The first thought that I have is "If I don't know what the type is force the program to crash". Then have:

int main()
{   try
    {
       TypeObject obj = CreateType(4);
    }
    catch(exception &e)
    {
       //Logging of e.what() to file
    }
}
To catch the exception for logging. I mean is this a bad idea?
What happens if I do the above catch and I run into a access violation? Will it still get caught since its just a base exception I'm looking for?
 
 

Maybe worth recalling somebody isn't AAA. Exceptions are extremely handy and considering the first few posts of this thread are clearly written by someone who doesn't have an accurate view of what's going on, I'd suggest to stick to what C++ suggests to do as canon as long as there isn't a specific product to talk about.

I mean this guy is right. When it comes to exceptions I'm not sure what I should be doing.
I mean the idea behind "crashing" is bad to me, only because I have trouble figuring out why and where (I'm talking about outside the debugger here) the crash happened


Two misconceptions here.

First - exceptions are not "force code to crash". Exceptions are "something happened I can't handle, but my caller might, so tell them". Your example of an invalid type is a good one - you can't decide what you want to do if an invalid type is passed, so you pass the responsibility to the caller. Part of this is making sure you pass enough information to the caller so they know what happened - and not just throwing a generic "runtime error".

Second - the caller should only handle exceptions they can actually do anything about, and let the rest fall through. If you do not expect an exception, don't catch it. Don't catch exceptions you can't handle, and don't write (...) blocks. The exception, of course, is when you're writing code that needs to know an exception happened to clean up resources, like if you were writing std::vector yourself. Though even then you trap the exception, clean up, and then re-throw so the caller can handle it.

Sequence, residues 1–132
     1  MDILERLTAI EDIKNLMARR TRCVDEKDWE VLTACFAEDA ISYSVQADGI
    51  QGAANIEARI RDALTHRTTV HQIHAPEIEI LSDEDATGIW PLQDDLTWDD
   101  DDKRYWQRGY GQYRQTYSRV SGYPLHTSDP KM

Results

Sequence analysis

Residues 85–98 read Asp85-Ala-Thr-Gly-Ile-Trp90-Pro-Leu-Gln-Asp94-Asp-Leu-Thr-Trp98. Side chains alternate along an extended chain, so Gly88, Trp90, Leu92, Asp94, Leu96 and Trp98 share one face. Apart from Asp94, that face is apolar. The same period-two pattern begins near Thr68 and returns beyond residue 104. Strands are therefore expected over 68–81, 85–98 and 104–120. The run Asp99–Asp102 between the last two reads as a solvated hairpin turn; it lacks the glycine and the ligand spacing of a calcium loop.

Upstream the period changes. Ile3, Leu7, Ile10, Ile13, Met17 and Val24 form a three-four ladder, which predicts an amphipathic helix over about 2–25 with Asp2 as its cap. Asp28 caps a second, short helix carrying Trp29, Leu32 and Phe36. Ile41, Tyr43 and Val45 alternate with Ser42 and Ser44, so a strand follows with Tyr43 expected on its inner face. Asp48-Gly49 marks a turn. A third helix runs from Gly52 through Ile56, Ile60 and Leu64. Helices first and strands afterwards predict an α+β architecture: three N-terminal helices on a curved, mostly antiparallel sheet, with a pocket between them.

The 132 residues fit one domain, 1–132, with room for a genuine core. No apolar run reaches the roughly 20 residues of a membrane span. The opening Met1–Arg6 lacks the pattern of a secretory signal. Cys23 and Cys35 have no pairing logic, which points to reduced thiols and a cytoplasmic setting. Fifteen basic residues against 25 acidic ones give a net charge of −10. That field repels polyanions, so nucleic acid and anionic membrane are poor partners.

Crashing is not a bad thing for the developer. Crashes/unhandled exceptions can be caught by the debugger at the throw site so they can figure out what's wrong. Crashing for the end user is usually not pretty - but it's generally better then corrupting memory and pretending nothing bad happened. Most professional software these days has a top-level crash handler that will catch exceptions and crashes, perform a memory dump, and allow the user to submit a bug report. (You don't need exceptions to do that though, in Windows, a Structured Exception Handler will be enough) Edited by SmkViper

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Don't catch exceptions you can't handle, and don't write (...) blocks


What is a (...) block?
 

Most professional software these days has a top-level crash handler that will catch exceptions and crashes, perform a memory dump, and allow the user to submit a bug report. (You don't need exceptions to do that though, in Windows, a Structured Exception Handler will be enough)


From what I understand, isn't this just like a Structured Exception Handler?
 

int main()
{   try
    {
       /*All of my other code*/

       TypeObject obj = CreateType(4);

       /* Some other code in my main funciton */
    }
    catch(exception &e)
    {
       //Logging of e.what() to file
    }
}

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Don't catch exceptions you can't handle, and don't write (...) blocks


What is a (...) block?


Sorry - it's where the exception specification is an ellipsis and doesn't specify the type. It will catch everything that is thrown, not just things that inherit from some exception class.

try
{
  throw 1; // this won't be caught
}
catch(std::exception& ex)
{
  std::cout << "Caught something!";
}

try
{
  throw 1; // this now will be caught
}
catch(...)
{
  std::cout << "Caught something!";
}